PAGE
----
I should know better

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tragedy or hope

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I should know better
« on: May 17, 2020, 10:20:42 PM »
So every so often I loose it. I am usually on top of the unpdh manipulations, but today I caved. I tried to have a quiet conversation about his need to bring up people he associates with, who I do not nor want to have anything to do with.  I will not join the flying monkeys.

His comment... I am the problem;  that he wishes we could ask this person and his wife out to dinner or something sometime. This person he acts like is a nuisance to him when he calls, but he will not miss a call, and basically will keep calling him back if he doesn't get him. It doesn't matter what we are doing.

 I have met the wife and we do not click.  I would rather talk to the men when we go out, as the wives of the men he picks for friends are not very interesting. Very submissive types afraid to speak up etc. These are my perceptions. Don't mean to be offensive.

So, I would rather talk to the men, however, N makes sure to drown me out or take over the conversation and procure the attention of the woman. Whatever he needs to do to be seen as the life of the party. He will be louder and even force his body over the table in front of me to be heard over me.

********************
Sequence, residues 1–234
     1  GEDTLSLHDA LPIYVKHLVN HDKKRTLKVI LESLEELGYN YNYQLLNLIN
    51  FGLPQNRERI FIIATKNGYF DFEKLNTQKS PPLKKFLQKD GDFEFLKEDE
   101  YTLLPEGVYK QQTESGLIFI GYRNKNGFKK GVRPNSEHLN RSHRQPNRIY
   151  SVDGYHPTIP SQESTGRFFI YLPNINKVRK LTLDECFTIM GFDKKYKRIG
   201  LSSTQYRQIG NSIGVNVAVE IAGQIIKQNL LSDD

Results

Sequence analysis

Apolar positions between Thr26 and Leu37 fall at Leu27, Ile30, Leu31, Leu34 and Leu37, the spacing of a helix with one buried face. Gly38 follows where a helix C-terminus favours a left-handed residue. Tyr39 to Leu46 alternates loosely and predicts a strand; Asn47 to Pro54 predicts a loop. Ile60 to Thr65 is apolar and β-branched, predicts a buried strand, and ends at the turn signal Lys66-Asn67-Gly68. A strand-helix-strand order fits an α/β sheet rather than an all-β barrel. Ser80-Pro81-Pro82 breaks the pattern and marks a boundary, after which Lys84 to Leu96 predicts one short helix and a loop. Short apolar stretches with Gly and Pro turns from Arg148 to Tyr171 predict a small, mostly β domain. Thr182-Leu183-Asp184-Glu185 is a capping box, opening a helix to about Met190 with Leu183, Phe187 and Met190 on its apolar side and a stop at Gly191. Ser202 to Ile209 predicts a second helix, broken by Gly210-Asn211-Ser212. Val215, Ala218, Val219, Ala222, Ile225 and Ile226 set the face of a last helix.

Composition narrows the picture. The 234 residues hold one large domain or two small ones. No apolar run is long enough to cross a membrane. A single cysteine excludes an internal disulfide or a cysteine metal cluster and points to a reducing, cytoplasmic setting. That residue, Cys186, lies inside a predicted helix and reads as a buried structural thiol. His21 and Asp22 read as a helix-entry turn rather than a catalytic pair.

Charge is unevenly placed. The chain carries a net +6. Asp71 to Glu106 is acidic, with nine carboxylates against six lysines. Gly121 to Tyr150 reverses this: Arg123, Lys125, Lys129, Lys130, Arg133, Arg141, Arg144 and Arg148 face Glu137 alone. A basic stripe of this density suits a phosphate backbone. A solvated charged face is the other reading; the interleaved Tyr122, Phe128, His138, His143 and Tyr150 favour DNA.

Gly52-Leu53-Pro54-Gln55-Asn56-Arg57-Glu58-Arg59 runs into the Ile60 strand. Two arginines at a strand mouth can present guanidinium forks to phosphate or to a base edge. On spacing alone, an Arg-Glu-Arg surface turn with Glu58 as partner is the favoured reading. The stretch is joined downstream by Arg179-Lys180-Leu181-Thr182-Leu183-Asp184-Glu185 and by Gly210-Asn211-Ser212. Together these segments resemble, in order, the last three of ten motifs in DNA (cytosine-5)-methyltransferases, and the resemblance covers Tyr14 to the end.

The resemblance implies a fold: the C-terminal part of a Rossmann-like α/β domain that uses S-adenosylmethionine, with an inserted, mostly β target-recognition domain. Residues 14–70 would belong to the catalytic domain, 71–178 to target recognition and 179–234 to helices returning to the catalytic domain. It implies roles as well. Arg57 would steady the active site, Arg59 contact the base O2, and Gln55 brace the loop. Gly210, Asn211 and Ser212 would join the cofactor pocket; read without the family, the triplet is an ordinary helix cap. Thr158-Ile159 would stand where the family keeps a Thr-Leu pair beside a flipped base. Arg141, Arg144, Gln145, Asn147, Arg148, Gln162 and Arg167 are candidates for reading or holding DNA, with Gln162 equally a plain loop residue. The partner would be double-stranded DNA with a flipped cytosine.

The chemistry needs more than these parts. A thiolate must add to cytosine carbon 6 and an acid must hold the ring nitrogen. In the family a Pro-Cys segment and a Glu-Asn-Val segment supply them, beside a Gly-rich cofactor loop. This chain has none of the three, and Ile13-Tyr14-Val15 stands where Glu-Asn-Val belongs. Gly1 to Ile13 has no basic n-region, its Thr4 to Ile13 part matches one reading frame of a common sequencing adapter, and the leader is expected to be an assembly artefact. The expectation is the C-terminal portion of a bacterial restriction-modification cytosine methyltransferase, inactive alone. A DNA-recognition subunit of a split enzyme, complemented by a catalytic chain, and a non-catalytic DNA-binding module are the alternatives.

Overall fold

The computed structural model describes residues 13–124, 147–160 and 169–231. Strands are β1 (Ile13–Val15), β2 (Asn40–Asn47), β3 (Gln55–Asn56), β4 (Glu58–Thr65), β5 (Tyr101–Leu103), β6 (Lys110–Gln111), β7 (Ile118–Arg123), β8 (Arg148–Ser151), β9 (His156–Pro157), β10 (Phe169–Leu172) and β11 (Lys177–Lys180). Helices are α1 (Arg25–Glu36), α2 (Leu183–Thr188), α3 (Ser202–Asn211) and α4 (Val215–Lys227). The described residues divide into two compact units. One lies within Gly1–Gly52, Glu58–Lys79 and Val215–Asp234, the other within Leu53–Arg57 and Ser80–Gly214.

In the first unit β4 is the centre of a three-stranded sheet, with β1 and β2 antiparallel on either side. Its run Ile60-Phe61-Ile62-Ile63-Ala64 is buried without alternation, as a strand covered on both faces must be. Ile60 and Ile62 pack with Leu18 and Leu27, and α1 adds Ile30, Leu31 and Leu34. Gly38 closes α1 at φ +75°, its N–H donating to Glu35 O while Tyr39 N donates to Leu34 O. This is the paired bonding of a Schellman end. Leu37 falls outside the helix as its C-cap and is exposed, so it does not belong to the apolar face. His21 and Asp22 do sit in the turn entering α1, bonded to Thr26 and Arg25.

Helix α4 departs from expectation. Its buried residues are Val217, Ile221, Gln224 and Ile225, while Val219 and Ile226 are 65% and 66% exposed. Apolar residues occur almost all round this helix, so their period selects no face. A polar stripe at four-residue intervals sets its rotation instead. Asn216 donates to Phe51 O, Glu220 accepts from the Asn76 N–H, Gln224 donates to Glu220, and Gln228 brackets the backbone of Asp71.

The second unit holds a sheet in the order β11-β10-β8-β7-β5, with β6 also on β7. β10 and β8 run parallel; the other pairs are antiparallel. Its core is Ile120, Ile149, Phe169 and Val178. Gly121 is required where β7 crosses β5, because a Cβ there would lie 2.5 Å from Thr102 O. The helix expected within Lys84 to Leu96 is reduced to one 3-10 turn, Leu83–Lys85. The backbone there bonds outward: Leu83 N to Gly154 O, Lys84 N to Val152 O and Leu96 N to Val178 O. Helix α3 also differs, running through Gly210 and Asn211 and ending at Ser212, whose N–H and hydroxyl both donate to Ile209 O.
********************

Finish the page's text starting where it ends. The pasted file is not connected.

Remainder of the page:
As long as my unpdh is the center of attention, he's happy.  The other thing he does is say nice things to be shared with the guys wife. Since he leads a "bible study" the wives are tickled to death their husbands are doing "good" things. But this is my unpdh's MO and alway has been. He loves to call their house and just happen to get the wife so he can be preened. He changes the tone of his voice etc. HE started the group and announced HE was the leader. They all went along,

He has flirted with more women under the guise of religion in front my eyes than I can remember. We always argue about it, and of course it is always me... of course.

He behaves as if whoever it is, is the only person in the room. He will ignore me, not draw me into the conversation and not take his eyes off of hers while he is talking. He is charming, handsome and most women don't get much of that from their own husbands. Anything to hear his name mentioned, repeated and to be adored. Including stepping on my soul.

I have kind of shared this before but I am mad at myself because he tried to control the situation and conversation when I was expressing my opposite thoughts. He controls it by saying he is not going to talk about it anymore, after he says something that gets the upper hand. He does not care what I think and feel.